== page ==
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The Cincinnati Zoo has 4 new elephants

four elephants in an indoor enclosure with a big pile of dirt
Courtesy
/
Cincinnati Zoo & Botanical Garden
The four elephants include two females and their young male calves.

The Cincinnati Zoo's newly constructed Elephant Trek has its first inhabitants. Four Asian elephants are settling into their new accommodations after arriving Sunday, Nov. 5, from the Dublin Zoo in Ireland.

The elephants named "SheRa," "Kabir," "Anak," and "Sanjay" were relocated to Cincinnati based on a recommendation by the Association of Zoos and Aquariums' Asian Elephant Species Survival Plan and the European Association of Zoos and Aquaria's Endangered Ex-situ program.

"We are calling them our Irish elephants even though, of course, they are Asian elephants. But they came to us via Dublin, Ireland. So affectionately, they're our Irish elephants," says Christina Gorsuch, director of animal care at the Cincinnati Zoo.

"They've been so calm and curious and just exploring the barn. I've literally never seen any animal new to a zoo settle in this quickly. They're just so happy to be with each other," she adds.

elephant next to a pile of dirt flings dirt in the air while kicking leg back
Courtesy
/
Cincinnati Zoo & Botanical Garden
Sanjay is a 5-year-old male and the son of Anak.

Gorsuch says the move has been in the works for five years. The two zoos began discussing the plan as Cincinnati prepared to expand its elephant yard and the Dublin Zoo's two alpha females were showing signs they were ready to separate. Elephants are matrilineal, meaning the males leave and the females all stay together.

"Asian elephants will reach a certain size heard — usually when it's around six or eight adult females — and then they leave," according to Gorsuch.

The new arrivals are being kept apart from the zoo's existing elephants until bull elephant "Sabu" returns from loan and can be introduced first. Sabu is currently at the Columbus Zoo, where he was sent last year on a breeding recommendation. Once Sabu is introduced, females "Schottzie" (SheRa's aunt), "Mai Thai," and "Jati" will join the herd.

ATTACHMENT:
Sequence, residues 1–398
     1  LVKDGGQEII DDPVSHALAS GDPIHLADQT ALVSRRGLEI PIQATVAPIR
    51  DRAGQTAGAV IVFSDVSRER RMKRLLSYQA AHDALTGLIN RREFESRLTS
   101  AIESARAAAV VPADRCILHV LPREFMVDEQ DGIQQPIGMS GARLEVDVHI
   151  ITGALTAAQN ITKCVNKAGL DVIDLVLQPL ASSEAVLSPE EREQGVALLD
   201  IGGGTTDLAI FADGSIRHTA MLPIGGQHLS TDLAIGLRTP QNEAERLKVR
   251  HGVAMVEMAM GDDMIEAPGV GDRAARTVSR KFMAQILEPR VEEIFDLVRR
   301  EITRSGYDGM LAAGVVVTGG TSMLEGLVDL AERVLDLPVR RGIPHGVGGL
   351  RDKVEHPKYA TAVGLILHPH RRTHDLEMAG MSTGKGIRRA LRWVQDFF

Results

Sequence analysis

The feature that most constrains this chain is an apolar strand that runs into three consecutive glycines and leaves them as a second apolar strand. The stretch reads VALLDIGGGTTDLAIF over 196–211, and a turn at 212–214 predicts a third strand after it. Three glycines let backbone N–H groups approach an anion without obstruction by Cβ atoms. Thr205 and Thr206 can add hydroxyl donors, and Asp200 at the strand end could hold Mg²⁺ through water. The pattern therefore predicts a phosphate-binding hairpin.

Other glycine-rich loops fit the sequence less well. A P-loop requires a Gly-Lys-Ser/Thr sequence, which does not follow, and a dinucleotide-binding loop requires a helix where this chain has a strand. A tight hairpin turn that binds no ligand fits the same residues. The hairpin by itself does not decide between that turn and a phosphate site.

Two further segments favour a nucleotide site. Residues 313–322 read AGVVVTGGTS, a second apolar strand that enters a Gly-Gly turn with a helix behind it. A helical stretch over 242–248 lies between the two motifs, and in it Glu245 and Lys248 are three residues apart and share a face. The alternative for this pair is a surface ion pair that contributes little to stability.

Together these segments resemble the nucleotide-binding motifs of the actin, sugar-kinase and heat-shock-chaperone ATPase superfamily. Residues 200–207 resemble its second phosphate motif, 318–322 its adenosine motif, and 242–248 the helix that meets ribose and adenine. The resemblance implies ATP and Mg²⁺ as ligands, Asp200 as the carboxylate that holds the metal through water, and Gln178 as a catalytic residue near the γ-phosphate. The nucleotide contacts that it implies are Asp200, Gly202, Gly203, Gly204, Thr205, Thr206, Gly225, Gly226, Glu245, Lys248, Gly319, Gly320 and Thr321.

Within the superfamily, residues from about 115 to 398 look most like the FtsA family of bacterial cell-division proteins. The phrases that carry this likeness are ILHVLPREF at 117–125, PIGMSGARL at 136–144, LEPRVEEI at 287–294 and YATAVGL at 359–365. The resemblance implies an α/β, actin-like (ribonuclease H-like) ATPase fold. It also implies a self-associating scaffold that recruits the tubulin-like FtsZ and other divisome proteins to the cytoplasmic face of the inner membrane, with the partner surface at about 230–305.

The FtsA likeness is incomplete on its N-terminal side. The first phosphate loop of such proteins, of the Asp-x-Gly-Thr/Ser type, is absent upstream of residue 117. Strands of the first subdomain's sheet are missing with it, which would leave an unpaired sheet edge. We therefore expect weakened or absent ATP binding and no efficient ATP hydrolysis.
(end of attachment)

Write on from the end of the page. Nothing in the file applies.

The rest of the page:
Cincinnati's three females are not related so this is a step toward creating a habitat that is more like what elephants would experience in the wild. When Sabu returns, Gorsuch expects he'll a "stabilizing force" for the entire herd, teaching the other males to be "good, gentleman bulls" and ideally breeding with Anak and ShiRa.

"All females will stay here and live here their entire lives, up until a point where our herd reaches a size where there's a natural, smaller herd to send off to another zero just like Dublin did for us. The bulls will stay in the family group until they're teenagers — somewhere in the age of 12 to 14 — and then they'll go to either other zoos either to be with other bulls or to be part of a new herd," Gorsuch says.

RELATED: Cincinnati Zoo bids (temporary) farewell to 'Sabu' the elephant

Zookeepers in Cincinnati and Dublin have been working together for several weeks to prepare for the move. Several members of the Dublin care team are in Cincinnati to assist with the transition.

"We are sad to see them go but thrilled that they will be in this great new facility," says Miguel Bueno, general curator at Dublin Zoo, in a statement. "Their departure will allow us to move forward with breeding recommendations that we have for our remaining female elephants who are awaiting the arrival of a new bull to resume our successful multi-generation breeding program."

Schottzie, Mai Thai, and Jati will remain on display in the Elephant Reserve for now. SheRa, Kabir, Anak, and Sanjay will not be visible in person for several months, though the zoo says it will post updates on social media. Elephant Trek — a five-acre exhibit with overhead feeders, trees, mud wallows and swimming pools — is set to open to the public next summer.

RELATED: New Elephant Yard Coming To Cincinnati Zoo

Cincinnati looked to Dublin in creating the new space. Designers consulted with keepers at the Dublin Zoo while drawing up plans for Cincinnati's Elephant Trek.

There are three recognized species of elephants: African forest elephant, African savanna elephant, and Asian elephant. All are considered under threat of extinction. The AZA estimates there are approximately 40,000 Asian elephants remaining in the wild, and they've been declared an endangered species by the International Union for Conservation of Nature.

Meet the elephants

SheRa (known at the Dublin Zoo as Yasmin, she's been renamed in tribute to a longtime Cincinnati Zoo donor)

  • 32-year-old female
  • Mother of Kabir and Anak
  • Related to Cincinnati Zoo elephant Schottzie

Kabir

  • 6-year-old male
  • Son of SheRa

Anak

  • 20-year-old female
  • Mother of Sanjay

Sanjay

  • 5-year-old male
  • Son of Anak
Updated: November 8, 2023 at 3:40 PM EST
This story has been updated with additional details from the Cincinnati Zoo's Christina Gorsuch.
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Senior Editor and reporter at WVXU with more than 20 years experience in public radio; formerly news and public affairs producer with WMUB. Would really like to meet your dog.